There is a lot of confusion in my life, which you’ve probably gathered by now (warning: here is the part where I sound like a self-righteous brat). I feel incredibly lucky to have the determined, loving man I chose to partner with for life. And I know that were the bonds with some of my family members and friends not as strong as they are, I would feel more alone and less supported than I do. But I don’t give God credit for that. I did that. I feel very much self reliant. Maybe someday I’ll look back and see his hand in these “blessings” – but not yet. I’m still pissed.
I can go from hating God, to begging him for help, to deciding I don’t believe in him, to thanking him for my daughters, in the span of about five minutes. If I will ever believe the way I used to remains to be seen. I’m working on it.
The mantra I repeat to myself for my own broken faith, and for my role as a special mama, is a quote from Rudyard Kipling:
“God could not be everywhere, and therefore he made mothers.”
Well. I don’t know if it’s true. It doesn’t give any clarity as to why God would allow my daughter to have such a challenging life. But it does sum up how I feel about my duties as Teagan’s mom, now and as she grows older.
To protect her from harm.
To fight for her and the rights she deserves.
To be proactive about anything that will help her progress.
To push her to try harder.
To teach her to be an advocate for herself.
To let her know there is always someone behind her.
To make her possibilities limitless.
To create an environment where she feels completely surrounded in love.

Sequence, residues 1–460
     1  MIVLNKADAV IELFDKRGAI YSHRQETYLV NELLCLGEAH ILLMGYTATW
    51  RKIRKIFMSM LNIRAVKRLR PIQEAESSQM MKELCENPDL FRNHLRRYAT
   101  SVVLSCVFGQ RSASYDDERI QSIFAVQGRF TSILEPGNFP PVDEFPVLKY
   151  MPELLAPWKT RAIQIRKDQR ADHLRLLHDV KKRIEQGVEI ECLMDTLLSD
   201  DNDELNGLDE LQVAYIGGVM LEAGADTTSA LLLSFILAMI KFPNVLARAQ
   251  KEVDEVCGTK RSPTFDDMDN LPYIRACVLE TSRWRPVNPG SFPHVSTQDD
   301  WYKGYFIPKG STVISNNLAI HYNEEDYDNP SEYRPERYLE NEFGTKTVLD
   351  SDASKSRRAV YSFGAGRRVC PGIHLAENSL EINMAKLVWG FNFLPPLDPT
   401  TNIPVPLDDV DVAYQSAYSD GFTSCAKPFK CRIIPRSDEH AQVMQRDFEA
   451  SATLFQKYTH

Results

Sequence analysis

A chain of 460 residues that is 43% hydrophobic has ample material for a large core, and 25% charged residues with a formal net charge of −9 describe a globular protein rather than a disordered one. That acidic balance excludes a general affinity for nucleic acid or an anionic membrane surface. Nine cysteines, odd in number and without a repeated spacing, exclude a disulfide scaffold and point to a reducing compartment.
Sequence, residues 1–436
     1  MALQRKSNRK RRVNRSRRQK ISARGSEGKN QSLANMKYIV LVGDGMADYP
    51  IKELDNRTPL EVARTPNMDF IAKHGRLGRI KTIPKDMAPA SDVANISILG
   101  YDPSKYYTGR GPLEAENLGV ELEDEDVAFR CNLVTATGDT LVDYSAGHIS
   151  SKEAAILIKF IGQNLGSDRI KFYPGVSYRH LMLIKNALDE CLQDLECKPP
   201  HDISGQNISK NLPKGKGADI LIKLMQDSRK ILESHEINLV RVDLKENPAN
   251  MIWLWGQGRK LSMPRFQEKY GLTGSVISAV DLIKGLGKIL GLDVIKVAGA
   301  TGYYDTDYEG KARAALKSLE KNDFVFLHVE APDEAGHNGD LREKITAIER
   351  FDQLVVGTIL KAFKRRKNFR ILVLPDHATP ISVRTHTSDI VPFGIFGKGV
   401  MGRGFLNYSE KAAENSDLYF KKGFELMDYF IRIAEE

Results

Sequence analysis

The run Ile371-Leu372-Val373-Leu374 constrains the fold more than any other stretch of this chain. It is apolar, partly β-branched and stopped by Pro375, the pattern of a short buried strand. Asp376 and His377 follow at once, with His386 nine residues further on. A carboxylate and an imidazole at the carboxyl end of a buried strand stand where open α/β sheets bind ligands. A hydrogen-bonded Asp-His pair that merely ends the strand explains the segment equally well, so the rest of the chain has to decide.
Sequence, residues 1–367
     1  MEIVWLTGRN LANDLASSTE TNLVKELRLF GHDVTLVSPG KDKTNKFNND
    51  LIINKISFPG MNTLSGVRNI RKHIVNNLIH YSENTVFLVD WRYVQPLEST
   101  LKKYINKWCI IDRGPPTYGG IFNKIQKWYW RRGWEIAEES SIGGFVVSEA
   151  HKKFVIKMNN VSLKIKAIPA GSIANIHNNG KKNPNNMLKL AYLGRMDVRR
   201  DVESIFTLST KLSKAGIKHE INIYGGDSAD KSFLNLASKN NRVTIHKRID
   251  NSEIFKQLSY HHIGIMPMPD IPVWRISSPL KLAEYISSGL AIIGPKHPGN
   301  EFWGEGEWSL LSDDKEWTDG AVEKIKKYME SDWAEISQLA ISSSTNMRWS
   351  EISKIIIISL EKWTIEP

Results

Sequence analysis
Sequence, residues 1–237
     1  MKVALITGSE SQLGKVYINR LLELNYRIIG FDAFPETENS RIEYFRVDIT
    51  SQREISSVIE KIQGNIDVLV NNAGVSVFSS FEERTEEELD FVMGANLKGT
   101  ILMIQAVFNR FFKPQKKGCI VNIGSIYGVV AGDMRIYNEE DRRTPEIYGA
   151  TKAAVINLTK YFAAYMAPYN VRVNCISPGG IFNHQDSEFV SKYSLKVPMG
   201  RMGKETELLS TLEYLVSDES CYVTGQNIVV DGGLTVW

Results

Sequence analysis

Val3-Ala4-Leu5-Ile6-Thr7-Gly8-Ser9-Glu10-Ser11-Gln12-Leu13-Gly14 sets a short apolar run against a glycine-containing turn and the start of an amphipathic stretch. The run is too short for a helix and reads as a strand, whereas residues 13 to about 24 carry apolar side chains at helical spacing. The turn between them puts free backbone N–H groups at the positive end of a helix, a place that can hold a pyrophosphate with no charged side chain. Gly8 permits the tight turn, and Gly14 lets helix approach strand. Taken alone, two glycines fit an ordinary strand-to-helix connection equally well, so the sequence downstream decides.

I don’t know if this feeling came from God. My faith is completely broken, and at this moment, I can’t say whether or not I believe in him. But I’m not going to stop praying…hopefully that counts for something. And I’m not going to stop working, relentlessly, with my sweet little girl.
Kathleen is an Iowa transplant with a passion for wine, the Cyclones, Harry Potter, and most of all, her family. She lives in the Twin Cities suburbs where she enjoys getting outside with her husband and two daughters as often as possible, the way good Minnesotans do. She began blogging shortly after her oldest daughter’s rare genetic disability diagnosis in 2012 as a way to cope with a roller coaster of emotions and share her family’s story. You can read more about the Trisomy 12p diagnosis on her blog at rockinglion.wordpress.com.
This post is part of a month-long guest post series titled Special Mamas. The series runs all May and is in honor of moms who have unique journeys to and through motherhood. To read all 13 posts in the Special Mamas series, CLICK HERE and you’ll be directed to the introductory post. At the bottom of the post, you’ll find all guest posts listed and linked for easy reading!